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Topic: First Day of School (06/28/04)
TITLE: EDUCATION FOR LIFE
By Phyllis Inniss
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I had got to the school early, and saw four or five students already there with their parents. When the notice about the opening of this new secondary school was passed on to the primary schools in the area in which we lived, our parents had signed us up for entry. It was the first private secondary school in the district of San Juan and this meant that parents didnít have to worry about their children having to travel to Port of Spain, the capital city, every day. The building was old and really belonged to a Friendly Society that was popular in those days before the advent of Credit Unions, but it served its purpose until the population of the school outgrew its size. Some students knew each other beforehand. One of the girls I knew was very timid and kept close to me all through the session .
I was excited and a little nervous at the same time. I couldnít believe that I was really going to start secondary schooling. A feeling of unreality as a dream experienced on the stage of life captured my senses and I wasnít sure I was taking part in the whole scenario being played out around me. Some of the girls were smiling to hide their nervousness and the boys were standing around shifting from one foot to the other. The parents were talking to the two teachers and we were keeping a respectful distance away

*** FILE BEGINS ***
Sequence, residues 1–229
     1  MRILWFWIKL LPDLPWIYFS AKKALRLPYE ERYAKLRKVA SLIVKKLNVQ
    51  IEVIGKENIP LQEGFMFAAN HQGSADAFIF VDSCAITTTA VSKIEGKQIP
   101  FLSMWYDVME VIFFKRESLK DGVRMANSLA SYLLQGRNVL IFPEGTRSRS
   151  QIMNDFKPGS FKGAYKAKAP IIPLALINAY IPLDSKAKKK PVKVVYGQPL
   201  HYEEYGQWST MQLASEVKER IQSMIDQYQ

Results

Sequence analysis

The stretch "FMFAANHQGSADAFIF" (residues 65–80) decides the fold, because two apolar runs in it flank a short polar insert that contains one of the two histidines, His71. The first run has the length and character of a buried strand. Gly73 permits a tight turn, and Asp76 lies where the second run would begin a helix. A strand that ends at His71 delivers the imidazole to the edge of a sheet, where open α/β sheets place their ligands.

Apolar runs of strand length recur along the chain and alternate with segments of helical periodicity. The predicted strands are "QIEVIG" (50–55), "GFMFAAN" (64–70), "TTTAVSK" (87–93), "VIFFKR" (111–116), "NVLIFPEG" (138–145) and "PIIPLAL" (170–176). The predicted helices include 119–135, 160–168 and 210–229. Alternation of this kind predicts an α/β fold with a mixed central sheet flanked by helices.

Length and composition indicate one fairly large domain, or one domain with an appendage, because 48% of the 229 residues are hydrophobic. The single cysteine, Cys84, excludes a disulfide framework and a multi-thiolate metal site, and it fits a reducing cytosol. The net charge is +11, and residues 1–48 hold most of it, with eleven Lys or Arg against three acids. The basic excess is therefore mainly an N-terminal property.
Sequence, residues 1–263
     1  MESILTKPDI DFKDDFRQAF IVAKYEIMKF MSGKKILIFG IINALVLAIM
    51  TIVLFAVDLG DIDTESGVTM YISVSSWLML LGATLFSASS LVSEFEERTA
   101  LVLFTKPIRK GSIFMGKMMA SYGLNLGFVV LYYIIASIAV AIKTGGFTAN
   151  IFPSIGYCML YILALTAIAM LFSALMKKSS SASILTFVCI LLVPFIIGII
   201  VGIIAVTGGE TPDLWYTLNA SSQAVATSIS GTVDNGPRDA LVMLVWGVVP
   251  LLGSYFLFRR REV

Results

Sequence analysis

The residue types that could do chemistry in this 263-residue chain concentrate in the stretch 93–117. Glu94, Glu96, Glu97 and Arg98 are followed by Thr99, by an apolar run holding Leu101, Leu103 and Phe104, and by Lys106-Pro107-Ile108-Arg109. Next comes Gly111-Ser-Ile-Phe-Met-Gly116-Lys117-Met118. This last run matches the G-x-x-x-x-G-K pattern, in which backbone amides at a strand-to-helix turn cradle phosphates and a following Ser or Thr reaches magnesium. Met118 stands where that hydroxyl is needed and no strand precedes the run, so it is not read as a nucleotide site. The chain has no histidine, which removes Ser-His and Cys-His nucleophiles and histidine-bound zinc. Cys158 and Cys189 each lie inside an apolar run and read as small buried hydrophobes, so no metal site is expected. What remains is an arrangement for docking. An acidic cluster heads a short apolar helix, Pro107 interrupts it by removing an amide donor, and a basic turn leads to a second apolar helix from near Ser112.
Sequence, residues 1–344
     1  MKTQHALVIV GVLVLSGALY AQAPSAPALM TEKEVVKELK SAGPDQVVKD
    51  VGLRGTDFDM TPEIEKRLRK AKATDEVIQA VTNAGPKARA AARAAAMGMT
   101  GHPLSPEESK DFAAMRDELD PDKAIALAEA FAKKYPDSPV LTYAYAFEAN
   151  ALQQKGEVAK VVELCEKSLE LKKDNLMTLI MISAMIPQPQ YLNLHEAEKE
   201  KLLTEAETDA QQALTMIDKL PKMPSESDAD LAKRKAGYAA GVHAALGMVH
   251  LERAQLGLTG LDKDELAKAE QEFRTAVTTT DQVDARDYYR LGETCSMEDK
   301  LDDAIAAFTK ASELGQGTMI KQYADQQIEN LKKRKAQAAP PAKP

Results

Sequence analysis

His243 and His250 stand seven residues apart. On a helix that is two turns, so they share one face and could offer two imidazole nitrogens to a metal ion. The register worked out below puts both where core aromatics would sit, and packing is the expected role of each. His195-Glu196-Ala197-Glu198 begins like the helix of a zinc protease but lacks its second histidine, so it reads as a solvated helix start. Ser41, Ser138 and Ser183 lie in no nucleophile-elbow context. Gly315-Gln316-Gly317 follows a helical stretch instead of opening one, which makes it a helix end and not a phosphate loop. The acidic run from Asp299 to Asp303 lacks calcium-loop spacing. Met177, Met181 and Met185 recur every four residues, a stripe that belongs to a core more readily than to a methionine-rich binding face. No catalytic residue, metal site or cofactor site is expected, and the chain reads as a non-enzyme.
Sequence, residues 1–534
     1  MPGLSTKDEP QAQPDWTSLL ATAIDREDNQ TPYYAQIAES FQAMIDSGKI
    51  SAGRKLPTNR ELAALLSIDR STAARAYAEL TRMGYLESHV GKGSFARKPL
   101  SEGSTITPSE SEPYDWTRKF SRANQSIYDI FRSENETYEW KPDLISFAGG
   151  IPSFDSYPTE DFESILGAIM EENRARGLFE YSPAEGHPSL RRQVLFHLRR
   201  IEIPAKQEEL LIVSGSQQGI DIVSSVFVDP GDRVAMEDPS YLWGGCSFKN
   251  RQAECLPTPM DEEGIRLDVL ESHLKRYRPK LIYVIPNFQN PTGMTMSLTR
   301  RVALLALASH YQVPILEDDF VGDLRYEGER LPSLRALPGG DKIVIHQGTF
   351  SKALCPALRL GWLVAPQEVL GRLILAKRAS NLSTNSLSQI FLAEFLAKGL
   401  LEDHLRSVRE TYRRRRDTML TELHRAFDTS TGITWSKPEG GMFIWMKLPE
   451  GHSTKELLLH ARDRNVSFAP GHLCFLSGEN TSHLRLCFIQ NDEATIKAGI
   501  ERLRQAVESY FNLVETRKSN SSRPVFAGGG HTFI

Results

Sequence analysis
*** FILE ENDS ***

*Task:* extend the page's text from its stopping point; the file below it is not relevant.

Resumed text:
When the parents had left, we were told to sit. The girls sat on the right and the boys on the left. We were given a welcoming speech by the two gentlemen, who introduced themselves to us. I felt a little more at ease by this time. I had felt a little intimidated by all this newness, not knowing what to expect. I had to make an effort to pay attention to what Mr. Byam, who spoke first, was saying. He flashed his beautiful smile, perhaps to put us at ease. My mind was in such a whirl that at the end all I could remember him saying was that we were getting an education for life.
.The two adults, our future teachers, were as different in their physical appearance as they were in their demeanour. Mr. Wilson was tall and slim with a small head and a good-looking face, his hair cut close to his head, moustache trimmed very low. His manner was that of a priest, even before we knew he could recite long Latin passages.. Mr. Byam, on the other hand, was fairly tall, but broader in body, with broad features and a broad smile, very white teeth gleaming, which could turn into a ferocious rage when angered, moustache thick and swirling. He had quite a sense of humour and laughed boisterously. Mr. Wilson would smile demurely at a given joke and probably give a quiet little chuckle when he was pleased about something.
A timetable was given and I was thrilled to see we would be doing Latin, French and Spanish, and Algebra and Geometry and Trigonometry for the first time. History, English Language and Literature, and Scripture did not fill me with awe as those subjects mentioned above. I realized a whole new world was opening up for me. A little apprehension set in. Could I match up to this new expectation? Could I realize the dream that my mother had for me in making this sacrifice to send me to this school where she had to pay for my tuition. I looked at the new books passed to us and wondered how it would feel to possess so much knowledge and I experienced a joy and wonder and pleasure that I always get from books. Mr. Byamís words came back to me. From this new experience I would be getting an education for life. I didnít think then of thanking God for this blessed opportunity He was giving me. Later on in life, I looked back with appreciation on all that He had done and was still doing for me.